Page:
The M430 watch hardware is encased in a hard, polycarbonate body which is waterproof and suitable for swimming. On the rear is stainless steel plate with the 6-LED hear-rate monitor built-in and a proprietary power connector for charging.

The sides of the watch have 5 buttons built-in; two on the left and three on the right. The left side buttons are a back-light and ‘Back’ button, while the right side has Up (top), Down (bottom) and ‘Start/Training Mode’ (middle) buttons. It’s actually quite intuitive, but I did find out that holding the back-light button gives you an option to lock the buttons out if you like.

The watch is basically all screen on the front, it’s a black/white 128×128 resolution display, but it’s doesn’t need to be much higher resolution and shows all the information you need for working out – or you know, telling the time, as well as having notifications look fairly decent. The back-light does the job when the sun goes down and with a low-res screen you obviously get much better battery life.

Power

The M430 has a rechargeable 240 mAh lithium polymer battery inside, which takes about 2 hours to fully recharge, but it lasts an absolute age…if you don’t use the GPS. I have some health issues restricting how often I run these days, so I left off running for a while to test it out and went 3 weeks between charges. Use that GPS and heart-rate monitor every day though and you’ll be recharging once a week, which is still very respectable.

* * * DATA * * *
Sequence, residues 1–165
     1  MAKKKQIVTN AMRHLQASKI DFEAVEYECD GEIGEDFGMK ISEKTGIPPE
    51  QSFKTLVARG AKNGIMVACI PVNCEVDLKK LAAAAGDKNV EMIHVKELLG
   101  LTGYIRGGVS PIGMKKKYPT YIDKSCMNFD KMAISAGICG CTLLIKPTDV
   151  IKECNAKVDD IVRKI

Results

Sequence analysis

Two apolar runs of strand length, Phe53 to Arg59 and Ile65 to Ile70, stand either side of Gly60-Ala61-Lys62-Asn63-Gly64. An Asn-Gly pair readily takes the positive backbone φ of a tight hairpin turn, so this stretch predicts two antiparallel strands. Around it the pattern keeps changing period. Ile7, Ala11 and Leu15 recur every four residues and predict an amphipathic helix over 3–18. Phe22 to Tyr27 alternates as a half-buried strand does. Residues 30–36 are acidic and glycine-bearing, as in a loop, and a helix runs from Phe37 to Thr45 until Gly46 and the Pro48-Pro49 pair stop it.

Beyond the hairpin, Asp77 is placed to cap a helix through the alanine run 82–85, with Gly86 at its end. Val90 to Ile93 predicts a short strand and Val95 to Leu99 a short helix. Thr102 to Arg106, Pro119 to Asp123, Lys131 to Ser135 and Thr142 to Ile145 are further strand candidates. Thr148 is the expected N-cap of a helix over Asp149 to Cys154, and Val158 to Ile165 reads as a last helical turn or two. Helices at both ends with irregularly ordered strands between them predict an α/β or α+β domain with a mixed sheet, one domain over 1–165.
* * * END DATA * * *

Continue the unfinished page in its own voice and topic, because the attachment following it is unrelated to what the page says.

The charging is via the proprietary connector which is included with the watch. You don’t get a charging brick with the M430, just plug this in to any phone charger or USB-port you have and it charges the watch.

I have two issues with proprietary connectors:

  1. If you lose the cable replacing it can be a not so fun experience
  2. It adds another cable you have to take with you if you travel

Those issues aside, the connector fits very well, with a guide on one side to make sure you plug it in the correct way.

Fitness Tracking